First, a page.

One of the main sticking points in the fight over state Sen. Josh McKoon’s (R-Columbus) so-called “religious freedom” bill is the concern that it would open up the door to more LGBT discrimination. McKoon has sworn that it will not, but new information has surfaced showing ties between McKoon and an anti-LGBT ministry based in Columbus.
McKoon was the one who filed the paper work with the Secretary of State’s office to form the nonprofit corporation in 2011 for Voorhees. As the registered agent of the ministry, McKoon represented it in all legal matters. However, for three years the ministry never paid the annual fees to the state to keep it as an active corporation.
The latest entity status date for the ministry was February 2, 2014 and it showed the corporation was to be dissolved. Voorhees has set up a new corporation, Chaplain Paul Voorhees Ministry, Inc., that became active in April 2014 and lists a different registered agent, Robert S. Poydasheff. Poydasheff, a former mayor of Columbus, Georgia, endorsed McKoon for the state Senate in 2010.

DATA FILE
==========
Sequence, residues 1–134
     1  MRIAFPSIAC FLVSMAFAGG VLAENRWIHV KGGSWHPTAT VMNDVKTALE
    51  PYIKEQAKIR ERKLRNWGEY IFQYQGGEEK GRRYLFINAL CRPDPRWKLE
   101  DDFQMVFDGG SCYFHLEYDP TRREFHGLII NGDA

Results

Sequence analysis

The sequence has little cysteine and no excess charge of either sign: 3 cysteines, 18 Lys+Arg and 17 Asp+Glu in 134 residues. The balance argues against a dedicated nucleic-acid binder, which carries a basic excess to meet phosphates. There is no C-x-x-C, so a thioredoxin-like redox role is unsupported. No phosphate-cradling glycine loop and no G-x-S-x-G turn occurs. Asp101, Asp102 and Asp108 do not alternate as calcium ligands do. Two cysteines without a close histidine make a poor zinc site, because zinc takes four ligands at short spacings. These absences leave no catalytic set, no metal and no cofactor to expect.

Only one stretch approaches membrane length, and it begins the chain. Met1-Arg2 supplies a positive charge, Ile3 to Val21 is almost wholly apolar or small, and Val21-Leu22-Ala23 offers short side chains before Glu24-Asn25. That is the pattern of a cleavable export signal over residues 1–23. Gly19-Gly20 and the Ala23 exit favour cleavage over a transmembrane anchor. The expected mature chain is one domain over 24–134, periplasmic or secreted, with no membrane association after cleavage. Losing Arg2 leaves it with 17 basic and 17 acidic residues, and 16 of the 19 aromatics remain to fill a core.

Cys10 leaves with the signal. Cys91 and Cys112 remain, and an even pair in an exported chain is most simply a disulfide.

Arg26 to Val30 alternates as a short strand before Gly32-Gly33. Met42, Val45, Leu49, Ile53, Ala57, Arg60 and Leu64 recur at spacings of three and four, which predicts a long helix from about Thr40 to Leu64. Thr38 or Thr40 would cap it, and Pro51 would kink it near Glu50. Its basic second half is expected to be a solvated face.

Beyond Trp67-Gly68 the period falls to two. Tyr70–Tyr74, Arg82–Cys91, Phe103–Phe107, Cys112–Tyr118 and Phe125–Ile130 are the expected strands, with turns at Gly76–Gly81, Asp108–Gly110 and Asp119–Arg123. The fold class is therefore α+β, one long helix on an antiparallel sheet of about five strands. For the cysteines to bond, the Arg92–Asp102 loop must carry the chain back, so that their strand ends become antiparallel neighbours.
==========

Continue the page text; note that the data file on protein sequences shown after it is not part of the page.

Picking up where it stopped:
McKoon, who did not return a message left for comment Monday evening, and Lt. Governor Casey Cagle invited Voorhees to the Georgia State Capitol to be the chaplain of the day in 2011.
“Tuesday is the 35th legislative day, so it doesn’t leave us very much time to move the bill out of the subcommittee to the full committee, to (the) House Rules (Committee) and then to the floor,” he said.
We’re hearing similar thoughts from sources at the Capitol, who doubt the bill has enough time left in the session.